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D-BOX is better than 3D


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In reply to an earlier post on Mar 10, 2011 8:10:58 AM PST
A/V guru says:
Well, then D-Box needed to do a better job at their 2011 CES demo. They were asked if a "live" internet connection were necessary. All the D-Box people said "The cues are on the disc."

I specifically asked that question to the guy running the demo.

Their own website(which is apparently wrong) still states the codes are imbedded in more and more movies/games.

So, Retarbus, if you want to harp about D-Box...write them a letter.

In reply to an earlier post on Mar 10, 2011 9:00:58 AM PST
Last edited by the author on Mar 10, 2011 9:38:21 AM PST
Roy Zander says:
C.Barbus:

Is it abnormal to download the codes from the internet?? They are available to those with a subscription (which is free the 1st year).

Firmware updates are downloaded on Blu-ray players by internet. That's pretty normal. The D-box controller has a hard drive that stores the codes. A different code is required for each version / language of a film or if it was released in a different country. I was surprised to find the movie "Up" having 16 different codes!

D-box creates new codes continually. Their website lists everything available, including new and upcoming releases. Yesterday, I got 15 updates - 2 of them were new movies! - the others were upgrades such as: adding Blu-ray to the DVD codes and/or languages,director cuts, etc, to existing movies already on the HD.

To show you that D-box is emerging in a big way, check the back label on your Blu-rays. Some will have the D-box code right on the disc! On newer D-box controllers you just pop it in and the coding is added to your internal hard drive (with-out that cumbersome internet downloading - Ha-Ha). Widescreen Review magazine even reviews the motion experience of Blu-rays that have the coding on the disc!

Movie studios believe in D-box. There are currently about 1000 movies that are D-box encoded. That translates to 10,000 to 15,000 codes that are on my controller. The 40 gig HD is about 1/4 full - new controllers have double the HD space or you can use your PCs hard drive to store your codes.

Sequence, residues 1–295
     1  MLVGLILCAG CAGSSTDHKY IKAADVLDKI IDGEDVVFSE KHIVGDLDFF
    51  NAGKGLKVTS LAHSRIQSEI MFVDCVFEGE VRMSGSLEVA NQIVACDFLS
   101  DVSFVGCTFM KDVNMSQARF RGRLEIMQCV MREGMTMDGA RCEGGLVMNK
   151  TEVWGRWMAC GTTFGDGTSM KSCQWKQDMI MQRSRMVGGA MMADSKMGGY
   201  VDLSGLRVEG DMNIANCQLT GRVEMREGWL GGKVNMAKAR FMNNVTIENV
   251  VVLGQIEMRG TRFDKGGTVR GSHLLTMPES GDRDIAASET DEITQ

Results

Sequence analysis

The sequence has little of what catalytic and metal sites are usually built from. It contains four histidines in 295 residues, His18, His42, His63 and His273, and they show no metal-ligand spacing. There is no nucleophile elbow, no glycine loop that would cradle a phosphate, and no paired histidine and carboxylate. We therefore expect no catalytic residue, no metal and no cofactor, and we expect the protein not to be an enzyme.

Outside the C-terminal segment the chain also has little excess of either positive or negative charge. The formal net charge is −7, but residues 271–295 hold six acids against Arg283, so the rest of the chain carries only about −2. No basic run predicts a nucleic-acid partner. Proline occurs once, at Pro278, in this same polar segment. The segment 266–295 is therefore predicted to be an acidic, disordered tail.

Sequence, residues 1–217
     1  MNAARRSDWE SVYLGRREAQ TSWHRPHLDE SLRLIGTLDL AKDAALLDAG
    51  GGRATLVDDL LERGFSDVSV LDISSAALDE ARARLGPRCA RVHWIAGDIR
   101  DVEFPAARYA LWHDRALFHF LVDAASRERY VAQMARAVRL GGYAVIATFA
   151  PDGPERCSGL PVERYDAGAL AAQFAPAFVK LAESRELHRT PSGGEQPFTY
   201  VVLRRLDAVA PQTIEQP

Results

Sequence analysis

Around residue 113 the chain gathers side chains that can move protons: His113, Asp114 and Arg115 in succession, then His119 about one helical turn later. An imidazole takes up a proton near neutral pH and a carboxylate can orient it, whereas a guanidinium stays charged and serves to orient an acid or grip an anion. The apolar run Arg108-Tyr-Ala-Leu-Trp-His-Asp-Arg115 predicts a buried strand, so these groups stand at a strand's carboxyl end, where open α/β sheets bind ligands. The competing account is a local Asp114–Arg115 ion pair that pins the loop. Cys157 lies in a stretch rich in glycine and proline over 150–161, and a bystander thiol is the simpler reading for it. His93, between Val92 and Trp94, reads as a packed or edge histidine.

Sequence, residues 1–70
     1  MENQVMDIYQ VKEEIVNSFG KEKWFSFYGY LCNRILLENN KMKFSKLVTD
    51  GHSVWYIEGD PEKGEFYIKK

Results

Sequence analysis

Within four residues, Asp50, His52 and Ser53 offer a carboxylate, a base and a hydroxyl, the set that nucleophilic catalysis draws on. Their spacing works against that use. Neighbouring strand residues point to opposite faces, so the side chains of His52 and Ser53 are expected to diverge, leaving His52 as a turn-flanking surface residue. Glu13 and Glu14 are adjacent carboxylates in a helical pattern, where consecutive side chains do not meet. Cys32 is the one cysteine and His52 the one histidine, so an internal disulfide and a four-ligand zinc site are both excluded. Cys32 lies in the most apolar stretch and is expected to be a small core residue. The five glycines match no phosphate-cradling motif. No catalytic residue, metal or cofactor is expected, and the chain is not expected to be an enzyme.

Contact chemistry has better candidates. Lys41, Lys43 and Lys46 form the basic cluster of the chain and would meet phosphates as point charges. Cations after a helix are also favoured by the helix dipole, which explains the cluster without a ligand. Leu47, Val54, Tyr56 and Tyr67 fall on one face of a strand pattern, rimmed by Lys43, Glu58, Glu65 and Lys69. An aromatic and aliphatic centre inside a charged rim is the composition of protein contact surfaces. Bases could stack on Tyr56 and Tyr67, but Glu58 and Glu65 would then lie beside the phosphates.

*How many 3D movies are available, now?? Not so many. - Yet, way more people have heard about 3D compared to D-box. I used to be crazy about laserdiscs. They were the superior format then, but largely unheard of by most people. I stretched the ear and converted a few of my friends, though.

This is my humble effort to educate the masses about a hobby I'm nuts about.

***Edit: Hey A/V Guru: Hope this helps you, too. Unfortunately, companies don't always send the brightest bulbs to demo equipment. (Canadian) - (just kidding!) Ever asked a homeshow rep any technical question? I wanna go to the CES sometime. You're lucky!

***Hey what gives, knuckleheads - am I the monkey or the retarbus???***

In reply to an earlier post on Mar 10, 2011 12:07:33 PM PST
C. Barbus, we've already covered this before, but some discs come with D-Box Motion Codes on the disc, so an internet connection is not required. This was documented at the AVSForum, which I provided you a link the last time around.

In reply to an earlier post on Mar 10, 2011 1:18:16 PM PST
A/V guru says:
Zander...

I am a CES regular. Been the last 7 years for Directv. Directv was in talks last year to include D-Box with their feeds of HBO, Cinemax etc. So far, nothing has come of that. Retarbus is basically trying to dredge up a conversation where he was wrong(still is). D-Box isn't supposed to need an internet connection on, last count, 75% of their new releases. They are trying to get that down to 0%(not very likely).

The CES D-Box demo was the "new"(not out yet) Need for Speed. That game, with the D-box, simply rocked.

In reply to an earlier post on Mar 10, 2011 8:06:19 PM PST
Roy,

It is normal for D-box, Not the Guru and Chang just don't quite understand how the whole thing works with the motion codes. Please explain it to them, because they do not believe the D-box website itself.

Thanks!

In reply to an earlier post on Mar 10, 2011 11:22:35 PM PST
C. Barbus,

He already did: "Some will have the D-box code right on the disc! On newer D-box controllers you just pop it in and the coding is added to your internal hard drive (with-out that cumbersome internet downloading - Ha-Ha)."

You're welcome.

In reply to an earlier post on Mar 11, 2011 6:18:06 AM PST
I really have to stop paying attention at work and read these posts better. ;o)

In reply to an earlier post on Dec 21, 2012 10:59:40 AM PST
Aron says:
>the D-Box platform should be sold for under $400, in my opinion.

Wow, there are some crazies on these boards.

Forget the cost of the theater seats, the pistons, or even the stepper motors that drive the pistons. Even just the controllers for the stepper motors cost thousands:

http://www.thorlabs.com/NewGroupPage9.cfm?ObjectGroup_ID=1704&gclid=CLSn2sSWrLQCFUZgMgodVF4AHw
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This discussion

Discussion in:  Blu-ray forum
Participants:  13
Total posts:  58
Initial post:  Mar 4, 2011
Latest post:  Dec 21, 2012

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